In answer to your first question, most RC cars work in the same manner as the TRAXXAS Rally in the video. In most cases, the steering is controlled by a servo, and the ESC is controlled in a servo like manner. See:
    http://www.jetsonhacks.com/2016/01/20/jetson-racecar-part-2-racecar-steering-control/
    http://www.jetsonhacks.com/2016/01/26/jetson-racecar-part-3-esc-motor-control/

    Typically both of these are controlled by PWM, which either a dedicated device like a PCA9685 or a micro controller like an Arduino can generate. The Jetson can also generate PWM signals, but it’s more involved (and annoying) to do so.

    In answer to your second question, at the 0:42 mark I explained that the Arduino was selected over the Teensy because the Teensy could not be programmed from the Jetson itself. However it is still possible to use the Teensy, just be aware that you’ll probably have to use another machine to do so. The Teensy is mostly compatible with the Arduino, but UPenn is using it in a different manner for more fine grain control of the timing pulses. See: http://f1tenth.org and their repository: https://github.com/mlab-upenn/f1_10_code_public
    The cars are pretty fast (after all they are race cars) and a car using the onboard TRAXXAS ESC goes at about a jogging pace at a minimum: https://www.youtube.com/watch?v=inr7BPh7cv8 As such, they’re not really indoor things unless you’re in a sports/concert arena or commercial building. If you use a VESC, the cars are much more controllable and can travel more slowly. The VESC requires some work to integrate into the car, and some specialized software which puts it into the intermediate roboticist level. Hopefully we’ll get to it, but the next steps are to get the car put together and get the sensors running. With that said, remember that the cars are 22″ (56cm) long and can go 40mph (65 kmh) which is beyond the scale of most indoor environments. And they WILL crash 😉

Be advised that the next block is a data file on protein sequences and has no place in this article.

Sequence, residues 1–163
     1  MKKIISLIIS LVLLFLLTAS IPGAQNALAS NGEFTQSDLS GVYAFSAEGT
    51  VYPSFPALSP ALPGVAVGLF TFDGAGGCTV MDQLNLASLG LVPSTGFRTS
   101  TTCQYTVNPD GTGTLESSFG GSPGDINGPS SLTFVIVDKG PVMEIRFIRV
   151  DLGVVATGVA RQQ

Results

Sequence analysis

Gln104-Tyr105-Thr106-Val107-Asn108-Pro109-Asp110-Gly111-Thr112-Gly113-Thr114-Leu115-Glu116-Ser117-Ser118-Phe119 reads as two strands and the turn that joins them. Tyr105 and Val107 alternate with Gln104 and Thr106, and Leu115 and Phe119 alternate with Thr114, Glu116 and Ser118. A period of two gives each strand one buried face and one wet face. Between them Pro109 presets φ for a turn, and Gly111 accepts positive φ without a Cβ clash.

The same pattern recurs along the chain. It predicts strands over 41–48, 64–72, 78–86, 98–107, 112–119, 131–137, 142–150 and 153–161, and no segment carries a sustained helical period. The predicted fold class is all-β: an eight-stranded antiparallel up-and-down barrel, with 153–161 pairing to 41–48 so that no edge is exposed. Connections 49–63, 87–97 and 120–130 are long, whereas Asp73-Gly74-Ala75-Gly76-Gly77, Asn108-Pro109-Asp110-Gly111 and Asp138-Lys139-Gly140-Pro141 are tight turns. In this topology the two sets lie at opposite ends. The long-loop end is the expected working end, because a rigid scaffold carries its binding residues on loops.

If you’re more interested in working indoors, a Rover is probably a better way to go. We’re starting a series on a new Rover project very soon, similar to: https://github.com/avirtuos/ros_hercules/blob/master/README.md A Rover can be used both outdoors and indoors, and travels at much more indoor friendly speeds.
    Thanks for reading!

  3. hi @kangalow,

    Thanks for the detailed answer. I understand your point. Nevertheless, its a good learning project for me. The rover project looks very interesting. I will wait for your rover project. Many thanks.